Now that we’re planning our next vacation, I want to share some of the tips that worked for us while flying for the first time with a baby and a toddler in tow! For our last family trip, we went to Alaska in July. We honestly don’t travel a ton and a lot of that is because I am the worst traveler. I am petrified of flying, scared of cruise boats and I get sick on smaller boats and in cars – I’ve even made myself car sick while driving! However, I don’t let it completely stop me from leaving town. I’m just rarely the one who suggests a trip or vacation.It probably goes without saying that traveling with two under two doesn’t make for the most relaxing vacation (I’ve heard people say that when you have kids, it’s called a trip, not a vacation) but the kids did really well and, if I didn’t have so much travel anxiety, I think it would have gone even smoother.
Disclosure: I include affiliate links in this post which means, at no additional cost to you, I make a commission if you click through and make a purchase.
Here are a few things I learned on our trip and my top tips for traveling with a baby and toddler and please share your tips with me too!
- If you have two lap infants, you cannot sit in the same row, even if you’re allowed to book your seats this way online. We didn’t find this out until we arrived at the airport and got our boarding passes. This led to us not even being in close rows. I had everything for both littles in the same bag and the thought of not even being close to my daughter while we flew meant my anxiety really spiked. Luckily, after some rearranging, we ended up in the same row and with an extra seat so I really calmed down.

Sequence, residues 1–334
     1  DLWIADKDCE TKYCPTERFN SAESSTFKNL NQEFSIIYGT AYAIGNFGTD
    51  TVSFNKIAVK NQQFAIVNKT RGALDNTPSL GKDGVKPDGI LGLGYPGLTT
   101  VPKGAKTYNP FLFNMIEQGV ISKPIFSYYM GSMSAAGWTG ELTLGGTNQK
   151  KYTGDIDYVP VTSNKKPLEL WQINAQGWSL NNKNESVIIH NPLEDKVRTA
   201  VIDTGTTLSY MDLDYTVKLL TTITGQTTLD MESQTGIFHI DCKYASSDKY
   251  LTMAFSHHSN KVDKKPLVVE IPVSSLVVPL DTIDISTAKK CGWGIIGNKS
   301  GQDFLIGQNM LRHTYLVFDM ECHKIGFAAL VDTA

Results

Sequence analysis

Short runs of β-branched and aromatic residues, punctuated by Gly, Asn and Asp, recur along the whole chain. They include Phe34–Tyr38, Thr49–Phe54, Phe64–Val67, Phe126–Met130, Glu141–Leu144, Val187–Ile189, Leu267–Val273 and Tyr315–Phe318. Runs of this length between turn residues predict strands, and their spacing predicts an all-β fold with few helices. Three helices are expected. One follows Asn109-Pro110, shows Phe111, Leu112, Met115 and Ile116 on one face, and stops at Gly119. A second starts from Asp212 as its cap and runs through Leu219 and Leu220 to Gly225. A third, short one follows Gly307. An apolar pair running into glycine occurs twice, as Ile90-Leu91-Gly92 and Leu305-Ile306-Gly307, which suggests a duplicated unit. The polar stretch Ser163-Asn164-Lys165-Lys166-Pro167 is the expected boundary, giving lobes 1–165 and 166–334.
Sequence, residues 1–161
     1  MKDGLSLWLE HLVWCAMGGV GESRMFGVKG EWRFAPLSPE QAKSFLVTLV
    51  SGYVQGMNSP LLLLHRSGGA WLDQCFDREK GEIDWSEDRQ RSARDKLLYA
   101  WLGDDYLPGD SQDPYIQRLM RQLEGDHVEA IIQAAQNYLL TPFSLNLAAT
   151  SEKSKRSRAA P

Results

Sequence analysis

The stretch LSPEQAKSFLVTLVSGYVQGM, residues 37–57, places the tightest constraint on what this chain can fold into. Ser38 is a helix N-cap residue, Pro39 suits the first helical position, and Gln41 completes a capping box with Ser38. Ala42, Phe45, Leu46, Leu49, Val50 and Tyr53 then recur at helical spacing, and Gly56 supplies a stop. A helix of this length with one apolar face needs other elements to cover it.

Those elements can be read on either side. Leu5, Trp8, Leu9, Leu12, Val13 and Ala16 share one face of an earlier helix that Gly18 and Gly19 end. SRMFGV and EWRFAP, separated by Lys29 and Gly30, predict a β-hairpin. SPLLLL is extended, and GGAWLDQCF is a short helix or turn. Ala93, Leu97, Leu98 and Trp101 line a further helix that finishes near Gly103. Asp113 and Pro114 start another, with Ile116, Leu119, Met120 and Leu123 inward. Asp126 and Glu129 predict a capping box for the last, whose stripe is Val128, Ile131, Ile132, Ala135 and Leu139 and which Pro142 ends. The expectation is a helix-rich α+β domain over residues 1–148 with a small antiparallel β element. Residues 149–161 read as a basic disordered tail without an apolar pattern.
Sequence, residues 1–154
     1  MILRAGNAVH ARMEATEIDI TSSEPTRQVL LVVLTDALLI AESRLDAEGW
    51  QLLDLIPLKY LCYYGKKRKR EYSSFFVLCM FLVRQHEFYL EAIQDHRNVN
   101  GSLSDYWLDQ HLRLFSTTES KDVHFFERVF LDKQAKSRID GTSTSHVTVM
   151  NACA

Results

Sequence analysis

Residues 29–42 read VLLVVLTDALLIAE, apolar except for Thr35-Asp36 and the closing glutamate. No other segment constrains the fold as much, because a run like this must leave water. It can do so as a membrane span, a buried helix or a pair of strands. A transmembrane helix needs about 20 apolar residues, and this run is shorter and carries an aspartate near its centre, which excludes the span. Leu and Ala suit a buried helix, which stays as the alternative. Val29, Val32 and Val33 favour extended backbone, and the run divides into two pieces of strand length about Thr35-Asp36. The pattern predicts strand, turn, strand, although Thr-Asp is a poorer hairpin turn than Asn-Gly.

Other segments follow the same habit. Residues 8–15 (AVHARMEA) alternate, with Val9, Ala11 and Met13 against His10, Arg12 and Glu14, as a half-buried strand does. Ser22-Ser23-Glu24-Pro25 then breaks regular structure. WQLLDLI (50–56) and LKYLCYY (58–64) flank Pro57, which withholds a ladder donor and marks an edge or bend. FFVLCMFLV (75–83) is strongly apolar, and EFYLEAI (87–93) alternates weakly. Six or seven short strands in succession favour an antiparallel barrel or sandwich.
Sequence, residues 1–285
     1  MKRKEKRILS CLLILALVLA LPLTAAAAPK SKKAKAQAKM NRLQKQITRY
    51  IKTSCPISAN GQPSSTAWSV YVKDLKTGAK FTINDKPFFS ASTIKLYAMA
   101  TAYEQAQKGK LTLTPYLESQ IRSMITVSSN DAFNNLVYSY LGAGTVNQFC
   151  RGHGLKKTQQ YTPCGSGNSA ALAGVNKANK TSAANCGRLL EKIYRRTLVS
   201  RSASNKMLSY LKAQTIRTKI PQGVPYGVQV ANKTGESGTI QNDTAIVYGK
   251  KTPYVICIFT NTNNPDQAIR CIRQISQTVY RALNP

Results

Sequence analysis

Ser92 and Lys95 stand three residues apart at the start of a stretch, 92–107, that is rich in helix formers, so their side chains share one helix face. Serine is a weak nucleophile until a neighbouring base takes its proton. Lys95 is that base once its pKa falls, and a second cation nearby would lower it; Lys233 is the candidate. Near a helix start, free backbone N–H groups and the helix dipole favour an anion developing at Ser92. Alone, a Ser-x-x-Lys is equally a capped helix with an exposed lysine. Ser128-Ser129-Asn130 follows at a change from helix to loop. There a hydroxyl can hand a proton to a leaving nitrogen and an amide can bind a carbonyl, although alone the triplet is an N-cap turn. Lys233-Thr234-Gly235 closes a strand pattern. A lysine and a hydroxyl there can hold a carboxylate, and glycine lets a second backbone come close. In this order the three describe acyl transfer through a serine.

- Look into Air B&B or non-traditional room options. Our trips have been a night and day difference when we stay somewhere that includes an actual room or some kind of separation in the living space. If you are all in literally one room, you can’t even watch a movie after your kids go to bed unless you use headphones. Also, my daughter is a great sleeper but she’s used to falling asleep in her room alone so it was super distracting for her to have us all there when she’s trying to fall asleep. She ended up going to sleep super late each night and probably would have had a little more fun if she was able to stick closer to her schedule so a room separation would have been for her benefit and ours. Our son was still sleeping in our room at the time (and still wasn’t sleeping the best anyway) so he didn’t mind.
- Baby items check for free. I did know that car seats and strollers check for free at the ticket counter or at the gate but we were also able to check our Pack n Play for free, which I did not expect. Also, note that a car seat will check free whether it’s alone or in a bag which leads me to…
- Get a car seat bag! It will keep your car seat clean and you can fill the rest of the space with other baby/child necessities. I use duffel bags for diapers and baby clothes and threw them in the car seat bag after the car seats were loaded. I also packed my toiletries in here so I wouldn’t have to deal with them at security or check another bag. If you’re renting a car, you can often rent a car seat too but its likely to be a model or brand you’re unfamiliar with and usually costs an additional $15-$20 per day.